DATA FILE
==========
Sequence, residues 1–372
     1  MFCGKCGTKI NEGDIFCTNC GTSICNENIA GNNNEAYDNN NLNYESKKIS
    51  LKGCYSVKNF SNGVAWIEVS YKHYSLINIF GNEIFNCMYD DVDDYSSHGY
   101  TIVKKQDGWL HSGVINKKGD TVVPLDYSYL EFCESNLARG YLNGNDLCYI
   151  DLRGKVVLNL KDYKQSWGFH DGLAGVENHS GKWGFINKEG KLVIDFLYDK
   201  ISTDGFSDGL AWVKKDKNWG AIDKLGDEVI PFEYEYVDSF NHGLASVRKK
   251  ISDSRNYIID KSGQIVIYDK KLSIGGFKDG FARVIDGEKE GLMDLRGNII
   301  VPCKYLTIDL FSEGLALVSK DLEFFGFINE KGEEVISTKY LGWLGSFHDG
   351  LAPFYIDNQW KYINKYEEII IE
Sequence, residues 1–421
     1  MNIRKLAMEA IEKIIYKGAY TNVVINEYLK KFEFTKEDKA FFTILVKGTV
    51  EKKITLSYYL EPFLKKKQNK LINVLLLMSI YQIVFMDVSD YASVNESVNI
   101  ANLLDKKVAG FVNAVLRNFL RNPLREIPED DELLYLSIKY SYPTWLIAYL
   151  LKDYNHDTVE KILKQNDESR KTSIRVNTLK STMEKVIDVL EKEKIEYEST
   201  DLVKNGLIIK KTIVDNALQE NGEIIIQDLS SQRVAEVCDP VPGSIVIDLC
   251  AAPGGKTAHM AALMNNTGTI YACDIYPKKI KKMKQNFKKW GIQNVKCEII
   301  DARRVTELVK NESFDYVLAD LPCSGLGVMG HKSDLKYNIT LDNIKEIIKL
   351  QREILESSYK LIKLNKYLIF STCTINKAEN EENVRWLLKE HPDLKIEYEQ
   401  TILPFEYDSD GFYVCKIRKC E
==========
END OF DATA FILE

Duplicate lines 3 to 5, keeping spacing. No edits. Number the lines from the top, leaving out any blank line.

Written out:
    51  LKGCYSVKNF SNGVAWIEVS YKHYSLINIF GNEIFNCMYD DVDDYSSHGY
   101  TIVKKQDGWL HSGVINKKGD TVVPLDYSYL EFCESNLARG YLNGNDLCYI
   151  DLRGKVVLNL KDYKQSWGFH DGLAGVENHS GKWGFINKEG KLVIDFLYDK